"When you learn something from people, or from a culture, you accept it as a gift, and it is your lifelong commitment to preserve it and build on it."Yo-Yo Ma
- left click and drag to inspect
- left click to show digital restoration
- click to know more
Seeing the world
Explorations and discoveries are the ways mankind interacts and understands its environment. We look, we try, we test (and taste!) and we bring back the information we gathered to our group.
Quickly, the need to keep a tangible trace of them rose. We then collected and presented things to others. We keep them because we deem them pretty or interesting, or because they remind us of something. We can also try to learn from these items, think about them, use them, tell the stories of where they are from.
As time went on, we were able to create structures where those things can be seen by most, wondered about, discussed and marveleda at.
We kept these items in order to be able to see and make sense of the world around us.
In this seeing the world endeavor, new technologies have allowed us numerous new tools. That includes the ability to render a three dimensional look alike aspect on two dimensional screens using geometric coordinates and volume computation.
All accessible with a simple click.
The 3D representation of an object can be a tremendous help in the daily practice of curating these keepsakes. The first and foremost task of every job is to assess the state of the item, its physical appearance. That is usually carried out manipulating the object but that increases the risks of damages.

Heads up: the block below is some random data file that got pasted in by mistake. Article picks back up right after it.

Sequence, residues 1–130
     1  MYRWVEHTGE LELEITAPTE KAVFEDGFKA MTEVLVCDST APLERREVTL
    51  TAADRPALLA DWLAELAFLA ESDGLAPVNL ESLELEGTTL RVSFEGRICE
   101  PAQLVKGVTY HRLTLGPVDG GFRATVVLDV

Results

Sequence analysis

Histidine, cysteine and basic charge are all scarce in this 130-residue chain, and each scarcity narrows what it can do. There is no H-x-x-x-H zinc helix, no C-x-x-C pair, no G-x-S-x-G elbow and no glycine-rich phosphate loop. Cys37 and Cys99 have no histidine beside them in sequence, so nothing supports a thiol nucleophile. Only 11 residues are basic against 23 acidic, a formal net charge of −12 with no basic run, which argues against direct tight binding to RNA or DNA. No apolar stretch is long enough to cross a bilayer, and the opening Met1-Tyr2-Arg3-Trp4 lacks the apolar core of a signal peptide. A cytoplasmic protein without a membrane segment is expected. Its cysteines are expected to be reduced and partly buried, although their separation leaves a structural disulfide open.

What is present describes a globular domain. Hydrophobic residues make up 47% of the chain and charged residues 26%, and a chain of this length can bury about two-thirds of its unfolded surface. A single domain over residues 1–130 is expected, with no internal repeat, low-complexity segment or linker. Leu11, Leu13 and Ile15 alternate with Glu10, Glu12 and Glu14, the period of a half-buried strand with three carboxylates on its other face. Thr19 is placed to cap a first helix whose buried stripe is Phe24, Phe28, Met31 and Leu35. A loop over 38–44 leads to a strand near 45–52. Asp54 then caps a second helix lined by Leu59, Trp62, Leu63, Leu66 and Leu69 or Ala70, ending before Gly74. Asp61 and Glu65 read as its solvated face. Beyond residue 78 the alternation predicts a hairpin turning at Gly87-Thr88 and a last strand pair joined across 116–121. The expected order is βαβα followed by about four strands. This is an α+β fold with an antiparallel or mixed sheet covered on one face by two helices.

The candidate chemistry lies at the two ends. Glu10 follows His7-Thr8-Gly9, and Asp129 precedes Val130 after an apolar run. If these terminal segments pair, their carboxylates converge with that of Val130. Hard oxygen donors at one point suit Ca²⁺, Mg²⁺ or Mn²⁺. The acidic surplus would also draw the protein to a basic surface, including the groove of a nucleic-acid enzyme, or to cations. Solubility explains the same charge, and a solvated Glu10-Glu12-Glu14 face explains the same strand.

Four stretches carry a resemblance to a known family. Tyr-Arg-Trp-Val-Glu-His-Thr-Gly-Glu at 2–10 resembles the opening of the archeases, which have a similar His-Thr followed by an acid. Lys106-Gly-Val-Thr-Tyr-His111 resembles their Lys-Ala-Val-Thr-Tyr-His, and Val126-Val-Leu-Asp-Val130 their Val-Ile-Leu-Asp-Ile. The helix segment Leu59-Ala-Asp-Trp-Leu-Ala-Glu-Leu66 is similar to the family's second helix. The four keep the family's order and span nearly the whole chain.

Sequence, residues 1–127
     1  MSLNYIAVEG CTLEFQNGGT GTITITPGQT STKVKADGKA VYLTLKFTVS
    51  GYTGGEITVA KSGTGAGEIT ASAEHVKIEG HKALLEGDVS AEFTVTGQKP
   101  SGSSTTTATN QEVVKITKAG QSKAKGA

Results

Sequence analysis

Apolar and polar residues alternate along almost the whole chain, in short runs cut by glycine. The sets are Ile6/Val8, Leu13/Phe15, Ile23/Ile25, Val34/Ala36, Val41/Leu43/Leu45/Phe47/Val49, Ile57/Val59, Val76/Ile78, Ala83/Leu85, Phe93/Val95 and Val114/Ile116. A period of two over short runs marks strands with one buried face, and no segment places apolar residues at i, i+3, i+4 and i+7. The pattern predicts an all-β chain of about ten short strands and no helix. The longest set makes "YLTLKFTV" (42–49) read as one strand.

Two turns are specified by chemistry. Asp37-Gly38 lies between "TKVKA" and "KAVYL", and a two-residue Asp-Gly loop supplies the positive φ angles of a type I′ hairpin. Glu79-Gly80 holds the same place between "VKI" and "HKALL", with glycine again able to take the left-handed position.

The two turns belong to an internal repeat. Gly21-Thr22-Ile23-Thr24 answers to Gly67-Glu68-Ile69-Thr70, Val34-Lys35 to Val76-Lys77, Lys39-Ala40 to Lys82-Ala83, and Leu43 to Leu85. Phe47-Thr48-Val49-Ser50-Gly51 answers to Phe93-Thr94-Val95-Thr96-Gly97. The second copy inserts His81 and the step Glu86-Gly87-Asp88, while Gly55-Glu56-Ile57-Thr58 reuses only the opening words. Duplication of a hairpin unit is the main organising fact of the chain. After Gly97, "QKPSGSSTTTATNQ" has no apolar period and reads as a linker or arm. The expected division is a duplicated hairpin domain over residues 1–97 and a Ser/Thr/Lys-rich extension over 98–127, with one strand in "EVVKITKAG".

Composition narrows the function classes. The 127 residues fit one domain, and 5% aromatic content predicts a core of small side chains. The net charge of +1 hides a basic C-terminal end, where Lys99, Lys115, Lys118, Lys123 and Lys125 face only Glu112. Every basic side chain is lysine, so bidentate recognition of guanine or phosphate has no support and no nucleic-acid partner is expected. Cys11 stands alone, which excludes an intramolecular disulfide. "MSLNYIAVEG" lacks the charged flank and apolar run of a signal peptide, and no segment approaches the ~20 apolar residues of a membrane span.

Depending on the objectives, using a 3D replica of the object can help mitigating these risks while keeping the information and communication abilities intact, even enhancing them.
Having the ability to use a 3D model opens up possibilities in conservation and restoration practices. The more stunning of all maybe being the ability to create a restored version of an object, in sync with the scientific datas at hand at the moment, without impacting the object itself. Other areas can also benefit from this technology, from 3D printed temporary and lasting reconstruction apparatuses, bespoke support creation or design of the most efficient tranportation box.
Practice will daily develop new ways to exploit these tools.
Telling the story of an object is no easy task. Contextualisation is key though hard to put in place. Digital models and 3D worlds creation can help: reconstruct an old temple, recompose a disseminated group sculpture or put archives in perspective by making an image of what they're about.
The possibilities are endless !
View of Brighton's
west pier, 1888
Tell your own story
Heritage is each and everyone's own. Telling your story helps keep all the other ones alive.